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Co-Parenting during Christmas: How to Create a Harmonious Plan after Divorce

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Co-Parenting during Christmas: How to Create a Harmonious Plan after Divorce

With Christmas fast approaching, this is a time for families to come together. This, however, is not the case for separated parents, who face challenges when it comes to making child arrangements for the festive period. Indeed, this can often be a daunting prospect for many parents. There is no blueprint in terms of how the Christmas holidays should be divided. What may have worked the year before does not necessarily mean it will follow on to the next. Moreover, every family is different; each household will undoubtedly have differing expectations and needs/routines.

Although we may not have a set of rules for child arrangements during the Christmas holidays, the guiding principle of family law is always a good starting point. The principle is simple- the child or children's wellbeing comes first. The law also says that it is the child’s right to see both parents if they so wish, not the other way around. Accordingly, there should not be an expectation from one parent that they have more of a right to spend time with their child during the Christmas holidays over the other.

Common Christmas Co-Parenting Issues

Some of the most common issues that often arise between parents are as follows:

  • Christmas presents

  • Arrangements for Christmas Eve, Christmas Day, Boxing Day and New Year’s Eve/New Year’s Day 

  • Handovers and times

  • Indirect contact, i.e., telephone/video calls

  • Child(ren) seeing extended family, including grandparents

  • Child(ren) seeing new partners

  • Trips within the UK/holidays abroad

  • Arrangements for the following year

Unless you and the other parent are spending Christmas together with the children, you will need to compromise/set your differences aside and ultimately put the child first, particularly if you want to divide the Christmas holidays amicably, which, in turn, minimises conflict and resentment.

Options for Co-Parenting Arrangements at Christmas

If an agreement has not been reached, there are a number of options available to you, which are as follows

  1. Dividing the days in half, the child can spend Christmas Eve and Christmas morning with one parent, changing to the other parent at midday, in turn, allowing the child to spend the remainder of Christmas Day and Boxing with the other parent. This can alternate each year to ensure fairness.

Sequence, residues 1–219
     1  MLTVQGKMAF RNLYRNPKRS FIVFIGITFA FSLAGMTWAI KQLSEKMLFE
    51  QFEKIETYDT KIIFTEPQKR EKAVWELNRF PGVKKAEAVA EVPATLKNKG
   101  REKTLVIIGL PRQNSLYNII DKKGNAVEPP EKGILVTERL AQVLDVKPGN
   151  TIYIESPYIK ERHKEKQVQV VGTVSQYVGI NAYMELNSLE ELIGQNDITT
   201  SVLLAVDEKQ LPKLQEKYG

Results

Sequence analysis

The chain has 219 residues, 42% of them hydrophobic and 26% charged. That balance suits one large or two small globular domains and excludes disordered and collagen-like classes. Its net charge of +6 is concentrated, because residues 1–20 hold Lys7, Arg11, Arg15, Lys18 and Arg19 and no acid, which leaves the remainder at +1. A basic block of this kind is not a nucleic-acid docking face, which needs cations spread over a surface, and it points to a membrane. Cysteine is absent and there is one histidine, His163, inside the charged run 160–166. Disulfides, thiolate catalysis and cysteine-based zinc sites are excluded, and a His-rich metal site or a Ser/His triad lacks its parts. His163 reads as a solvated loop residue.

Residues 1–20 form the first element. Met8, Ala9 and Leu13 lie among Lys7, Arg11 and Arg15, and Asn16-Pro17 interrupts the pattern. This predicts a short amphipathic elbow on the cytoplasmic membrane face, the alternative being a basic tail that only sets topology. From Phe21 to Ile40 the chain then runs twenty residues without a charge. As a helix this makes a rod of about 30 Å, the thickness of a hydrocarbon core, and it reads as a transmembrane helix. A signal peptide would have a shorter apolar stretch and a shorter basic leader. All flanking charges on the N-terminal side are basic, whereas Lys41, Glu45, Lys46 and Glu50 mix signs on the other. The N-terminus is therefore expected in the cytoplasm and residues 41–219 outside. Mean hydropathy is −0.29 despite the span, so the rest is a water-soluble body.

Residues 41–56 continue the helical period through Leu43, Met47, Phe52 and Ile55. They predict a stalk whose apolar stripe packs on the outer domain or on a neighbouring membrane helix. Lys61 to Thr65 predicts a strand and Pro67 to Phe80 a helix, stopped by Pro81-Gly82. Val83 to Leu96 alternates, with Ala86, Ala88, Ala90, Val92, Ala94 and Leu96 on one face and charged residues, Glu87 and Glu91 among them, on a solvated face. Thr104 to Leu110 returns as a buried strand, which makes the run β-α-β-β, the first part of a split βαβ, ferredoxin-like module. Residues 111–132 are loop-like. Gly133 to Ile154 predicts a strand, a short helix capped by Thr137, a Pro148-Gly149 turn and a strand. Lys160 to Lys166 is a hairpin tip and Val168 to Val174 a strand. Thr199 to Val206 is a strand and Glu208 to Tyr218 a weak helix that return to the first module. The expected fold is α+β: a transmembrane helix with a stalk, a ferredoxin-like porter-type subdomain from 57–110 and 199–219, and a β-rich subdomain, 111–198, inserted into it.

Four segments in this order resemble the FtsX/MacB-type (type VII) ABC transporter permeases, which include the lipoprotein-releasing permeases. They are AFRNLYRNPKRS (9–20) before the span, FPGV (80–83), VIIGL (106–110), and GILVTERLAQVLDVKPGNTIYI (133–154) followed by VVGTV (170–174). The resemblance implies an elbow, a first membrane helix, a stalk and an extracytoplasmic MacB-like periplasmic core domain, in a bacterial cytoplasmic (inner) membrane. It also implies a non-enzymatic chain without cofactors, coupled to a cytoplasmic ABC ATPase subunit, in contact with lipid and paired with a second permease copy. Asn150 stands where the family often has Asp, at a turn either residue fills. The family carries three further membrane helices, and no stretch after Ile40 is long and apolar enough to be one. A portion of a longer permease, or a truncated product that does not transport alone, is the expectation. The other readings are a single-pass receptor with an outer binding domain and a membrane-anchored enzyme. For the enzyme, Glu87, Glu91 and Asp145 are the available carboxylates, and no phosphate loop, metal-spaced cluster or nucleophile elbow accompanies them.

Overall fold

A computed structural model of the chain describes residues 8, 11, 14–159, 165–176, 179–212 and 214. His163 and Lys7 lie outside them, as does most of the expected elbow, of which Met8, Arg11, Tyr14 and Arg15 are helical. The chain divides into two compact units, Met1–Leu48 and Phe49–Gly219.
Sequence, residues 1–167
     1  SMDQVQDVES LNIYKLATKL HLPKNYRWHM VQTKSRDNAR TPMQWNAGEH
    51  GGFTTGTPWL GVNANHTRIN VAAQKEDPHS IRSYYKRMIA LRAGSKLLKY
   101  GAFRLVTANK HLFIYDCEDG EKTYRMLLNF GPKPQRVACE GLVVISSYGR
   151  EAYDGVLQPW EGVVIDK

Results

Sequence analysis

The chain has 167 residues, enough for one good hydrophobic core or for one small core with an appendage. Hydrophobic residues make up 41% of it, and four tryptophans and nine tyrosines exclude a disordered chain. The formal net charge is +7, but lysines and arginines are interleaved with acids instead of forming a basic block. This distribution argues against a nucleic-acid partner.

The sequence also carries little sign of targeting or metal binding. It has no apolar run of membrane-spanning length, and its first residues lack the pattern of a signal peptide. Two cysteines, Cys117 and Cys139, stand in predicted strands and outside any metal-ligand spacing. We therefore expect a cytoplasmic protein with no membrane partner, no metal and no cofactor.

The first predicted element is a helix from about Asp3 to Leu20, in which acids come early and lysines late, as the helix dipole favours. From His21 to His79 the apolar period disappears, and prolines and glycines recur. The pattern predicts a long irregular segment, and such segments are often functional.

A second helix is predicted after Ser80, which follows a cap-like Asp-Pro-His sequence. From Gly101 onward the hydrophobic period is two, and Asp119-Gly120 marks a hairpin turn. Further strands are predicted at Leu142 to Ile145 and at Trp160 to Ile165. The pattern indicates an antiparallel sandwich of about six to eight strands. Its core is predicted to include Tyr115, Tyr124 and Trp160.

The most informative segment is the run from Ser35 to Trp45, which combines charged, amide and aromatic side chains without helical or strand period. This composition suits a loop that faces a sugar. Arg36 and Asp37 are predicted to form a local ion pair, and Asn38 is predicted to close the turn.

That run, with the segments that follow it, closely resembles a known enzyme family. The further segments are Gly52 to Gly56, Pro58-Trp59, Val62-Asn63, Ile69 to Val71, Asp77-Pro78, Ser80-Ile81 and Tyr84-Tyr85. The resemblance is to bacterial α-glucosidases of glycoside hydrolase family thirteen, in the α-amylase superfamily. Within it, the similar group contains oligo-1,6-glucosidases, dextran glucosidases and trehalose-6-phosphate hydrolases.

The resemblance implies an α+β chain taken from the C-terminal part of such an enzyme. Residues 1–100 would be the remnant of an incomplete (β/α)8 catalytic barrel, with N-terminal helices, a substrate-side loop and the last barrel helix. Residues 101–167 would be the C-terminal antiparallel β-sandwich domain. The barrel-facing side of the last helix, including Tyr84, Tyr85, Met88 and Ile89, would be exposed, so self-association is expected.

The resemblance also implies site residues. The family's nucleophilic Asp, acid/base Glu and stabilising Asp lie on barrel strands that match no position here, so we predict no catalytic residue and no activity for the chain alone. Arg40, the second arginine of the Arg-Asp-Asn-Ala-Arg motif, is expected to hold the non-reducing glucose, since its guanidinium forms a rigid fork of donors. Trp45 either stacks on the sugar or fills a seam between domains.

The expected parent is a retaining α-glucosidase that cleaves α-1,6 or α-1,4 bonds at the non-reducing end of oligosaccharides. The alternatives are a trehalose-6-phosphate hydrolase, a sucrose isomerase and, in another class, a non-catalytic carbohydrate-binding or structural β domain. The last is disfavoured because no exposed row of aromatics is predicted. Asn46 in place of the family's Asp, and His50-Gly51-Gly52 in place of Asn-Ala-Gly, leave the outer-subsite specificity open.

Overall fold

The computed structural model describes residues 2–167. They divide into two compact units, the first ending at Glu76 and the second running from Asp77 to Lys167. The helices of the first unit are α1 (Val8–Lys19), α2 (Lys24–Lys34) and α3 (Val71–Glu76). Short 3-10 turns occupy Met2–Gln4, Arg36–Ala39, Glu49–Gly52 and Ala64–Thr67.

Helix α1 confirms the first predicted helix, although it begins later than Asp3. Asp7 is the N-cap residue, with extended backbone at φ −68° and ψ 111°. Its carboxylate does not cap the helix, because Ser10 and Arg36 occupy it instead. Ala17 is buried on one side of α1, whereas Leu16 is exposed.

2. Diving the two-week holidays equally - the child can spend the first half of the holidays with one parent and the second with the other. This means the child gets to spend Christmas with one parent and New Year with the other. As with the first option, this arrangement can and should alternate every year to ensure the child also spends Christmas with the other parent. 

  3. Two Christmases - the child celebrates Christmas twice; once on Christmas Day with one parent and once on an agreed day before or after Christmas Day with the other. Again, this can alternate every year.

  4. Spending Christmas with other parent and the children - if you and the other parent remain on good terms and are content with spending Christmas Day together with the children, this is another viable option. However, consideration should be given to other factors, e.g., partners and whether this is beneficial for the child in the long run. 

Option two or three may suit you best if you and the other parent live far apart.

Addressing Disagreements: Mediation and Legal Options

Should an agreement regarding the arrangements prove impossible, you should consider referring the matter to mediation. The mediator will seek to facilitate agreement but cannot give legal advice, nor can they decide about anything which is in dispute between you and the other parent. Much, therefore, depends upon the personality of you and the other partner and your willingness to compromise to reach an agreement and thereby avoid court proceedings. The obvious advantage is that it can be much quicker and cheaper than formal legal proceedings. If mediation were to prove unsuccessful, your next option would be to start court proceedings or attempt arbitration.

Our family solicitors all offer a free initial 15 minute telephone appointment to discuss your needs. If you are experiencing difficulties regarding the Christmas holidays with the other parent, we can help. I can be contacted on 01245 453866 or via email at

The contents of this blog are intended for general information purposes only and shall not be deemed to be, or constitute legal advice. We cannot accept responsibility for any loss as a result of acts or omissions taken in respect of this blog.